Byline: John Thorne
Three years after protests, blood, and tear gas ended with the flight of a dictator, Tunisians at last have a Constitution on which to build a new order.
The document signed today is yet another example set by the country whose revolution kicked off the 2011 Arab uprisings. It establishes a civil democratic state, and lays the foundation for an independent judiciary and the protection of basic individual freedoms. And its drafting has forced Tunisia's quarrelsome political parties to start learning the art of compromise after months of arguments and uncertainty.
Still, the constitution is only a blueprint. Old laws must be reformed and new elections held, while leaders must confront Islamic militancy and cure economic malaise.
But a sense of pride, solidarity, and relief filled the constituent assembly chamber today as legislators and media packed into seats and aisles beneath a chandelier blazing with light. Portraits and Tunisian flags were placed on two seats in memory of assemblymen Mohamed Brahmi, shot dead last July, and Mohamed Allouche, who died last week of a heart attack.
"We have known fear for our country and for its institutions," said President Moncef Marzouki as he addressed the chamber. "Today we have the right to be joyful."
A few minutes later, Mr. Marzouki held aloft the new constitution, kissed it, then signed it. "Merci president!" a voice cried from the press gallery as Marzouki made V-for-victory signs. Assembly Speaker Mustapha Ben Jaafar and Prime Minister Ali Larayedh also signed, and suddenly everyone was singing Tunisia's national anthem as the three men clutched copies of the constitution, bound in covers red like the Tunisian flag.
Stop and go
Tunisia's last constitution was adopted in 1959, three years after gaining independence from France. While in theory a republic, Tunisia swiftly descended into dictatorship as presidents Habib Bourguiba and, later, Zine El Abidine Ben Ali, used a fearsome police apparatus, pliable courts, and batteries of laws to stay in power.
Ben Ali's ouster ended a dictatorship but triggered a culture war that has slowed political progress. Secularists have accused the ruling Islamist Ennahda party of harboring a radical agenda and failing to discipline the hardline Salafi movement; Salafis are suspected in the murders to two opposition politicians last year, including Mr. Brahmi. Ennahda has complained of what it deems secularist obstructionism.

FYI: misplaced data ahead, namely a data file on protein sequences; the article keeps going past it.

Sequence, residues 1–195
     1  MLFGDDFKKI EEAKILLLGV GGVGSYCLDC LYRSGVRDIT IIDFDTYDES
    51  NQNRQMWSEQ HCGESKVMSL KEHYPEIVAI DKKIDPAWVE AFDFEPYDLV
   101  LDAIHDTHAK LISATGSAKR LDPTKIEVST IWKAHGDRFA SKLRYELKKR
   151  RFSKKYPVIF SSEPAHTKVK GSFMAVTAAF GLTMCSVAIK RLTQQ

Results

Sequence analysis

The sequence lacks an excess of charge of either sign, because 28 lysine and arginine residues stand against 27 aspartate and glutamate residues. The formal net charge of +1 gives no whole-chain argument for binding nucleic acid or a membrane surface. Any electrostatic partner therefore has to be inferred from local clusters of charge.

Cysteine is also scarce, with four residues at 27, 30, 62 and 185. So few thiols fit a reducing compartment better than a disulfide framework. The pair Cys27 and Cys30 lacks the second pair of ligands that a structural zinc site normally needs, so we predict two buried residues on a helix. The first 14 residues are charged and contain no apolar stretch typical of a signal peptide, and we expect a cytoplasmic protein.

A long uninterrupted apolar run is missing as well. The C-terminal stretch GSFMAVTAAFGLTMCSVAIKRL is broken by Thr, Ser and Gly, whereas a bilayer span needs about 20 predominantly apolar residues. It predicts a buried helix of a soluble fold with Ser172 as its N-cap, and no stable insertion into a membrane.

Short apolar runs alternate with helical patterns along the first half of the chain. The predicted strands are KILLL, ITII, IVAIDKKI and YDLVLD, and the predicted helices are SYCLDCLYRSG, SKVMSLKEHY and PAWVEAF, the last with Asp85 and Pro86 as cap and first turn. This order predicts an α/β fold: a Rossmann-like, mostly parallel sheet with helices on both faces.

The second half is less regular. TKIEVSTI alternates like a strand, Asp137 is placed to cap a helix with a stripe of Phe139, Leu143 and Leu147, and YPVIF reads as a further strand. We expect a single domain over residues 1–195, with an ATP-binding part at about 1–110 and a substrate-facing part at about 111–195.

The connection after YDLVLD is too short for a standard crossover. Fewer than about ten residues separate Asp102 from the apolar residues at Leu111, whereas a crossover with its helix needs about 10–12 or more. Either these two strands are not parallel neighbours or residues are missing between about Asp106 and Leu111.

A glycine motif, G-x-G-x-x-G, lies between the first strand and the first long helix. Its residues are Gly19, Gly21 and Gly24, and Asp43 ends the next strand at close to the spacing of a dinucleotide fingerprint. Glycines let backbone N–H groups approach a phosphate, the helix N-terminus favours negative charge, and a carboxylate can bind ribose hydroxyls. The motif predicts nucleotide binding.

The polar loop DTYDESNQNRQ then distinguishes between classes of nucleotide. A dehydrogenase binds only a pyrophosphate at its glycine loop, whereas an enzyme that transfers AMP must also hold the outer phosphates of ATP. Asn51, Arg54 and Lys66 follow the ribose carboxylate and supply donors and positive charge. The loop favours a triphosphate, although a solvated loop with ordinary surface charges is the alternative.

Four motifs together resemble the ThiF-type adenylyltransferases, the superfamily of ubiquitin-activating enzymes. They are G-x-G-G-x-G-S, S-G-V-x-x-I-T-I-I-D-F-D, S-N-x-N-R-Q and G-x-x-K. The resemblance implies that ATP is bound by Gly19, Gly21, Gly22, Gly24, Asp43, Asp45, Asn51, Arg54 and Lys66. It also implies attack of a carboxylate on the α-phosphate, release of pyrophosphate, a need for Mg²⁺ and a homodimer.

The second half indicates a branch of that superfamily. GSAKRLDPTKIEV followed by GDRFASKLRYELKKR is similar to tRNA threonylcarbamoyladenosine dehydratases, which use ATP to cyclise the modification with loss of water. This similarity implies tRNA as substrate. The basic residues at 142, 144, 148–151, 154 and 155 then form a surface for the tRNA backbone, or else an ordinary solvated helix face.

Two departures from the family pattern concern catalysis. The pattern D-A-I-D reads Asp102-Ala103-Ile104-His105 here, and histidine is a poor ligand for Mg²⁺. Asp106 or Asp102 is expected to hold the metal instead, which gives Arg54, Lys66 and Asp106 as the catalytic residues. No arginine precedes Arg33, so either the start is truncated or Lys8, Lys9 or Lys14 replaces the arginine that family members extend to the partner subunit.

Last summer Tunisia's transition - including the drafting of the new constitution - slammed to a halt as opposition parties mounted a campaign of street demonstrations and political maneuvering to oust Ennahda, which responded with demonstrations of its own.
Last month, however, after weeks of tortuous negotiations, parties agreed that the government would hand power to a caretaker cabinet. Tunisia's constituent assembly whirred back to life and, with unprecedented energy, finished drafting the new constitution. It passed with 200 "yes" votes, 12 "no" votes, and four abstentions Sunday. Legislators greeted the result with a boisterous standing ovation.
The document reads like an exercise in finding consensus. It firmly cites Islam as Tunisia's religion, but also describes the state as civil - not religious - in equally firm language and guarantees freedom of worship. Men and women are guaranteed equal rights. Some of the cruelest habits of Ben Ali's regime - torture, spying on people's homes and private communications, and forcing citizens into exile - are expressly forbidden.
Yet there are also apparent contradictions. Among the most contentious is an eleventh-hour amendment to an article on religious rights that obliges the state to protect "the sacred" from insult and quash any attempts to brand people as apostates. Fulfilling either of those duties could amount to limiting free speech - guaranteed in another article.
Judges face a similar conundrum with existing laws that clash with the new constitution, says Kalthoum Kennou, a judge in Tunis and honorary president of the Tunisian Magistrates' Association. In theory, those wrinkles will be ironed out by a planned constitutional court.
"My fear is that in this initial period, unconstitutional laws may be passed since we won't have an independent body to check them," Mrs. Kennou says.
Meanwhile, economic troubles loom. Growth is expected to have slipped from 3.6 in 2012 to 2.6 percent last year, and to drop again this year, according to the World Bank. Unemployment is hovering around 15 percent and is worse among young people and in rural areas, where revolt against Ben Ali began in late 2010. Several dozen people gathered today outside the assembly hall to voice their frustration at the leaders within.
"The price of food is high, and they've taken many loans from abroad," said Osama Mrassi, who says he sells used plastic bottles to make ends meet. From his neck hung a sign that read "The Constitution Doesn't Represent Me" in Arabic.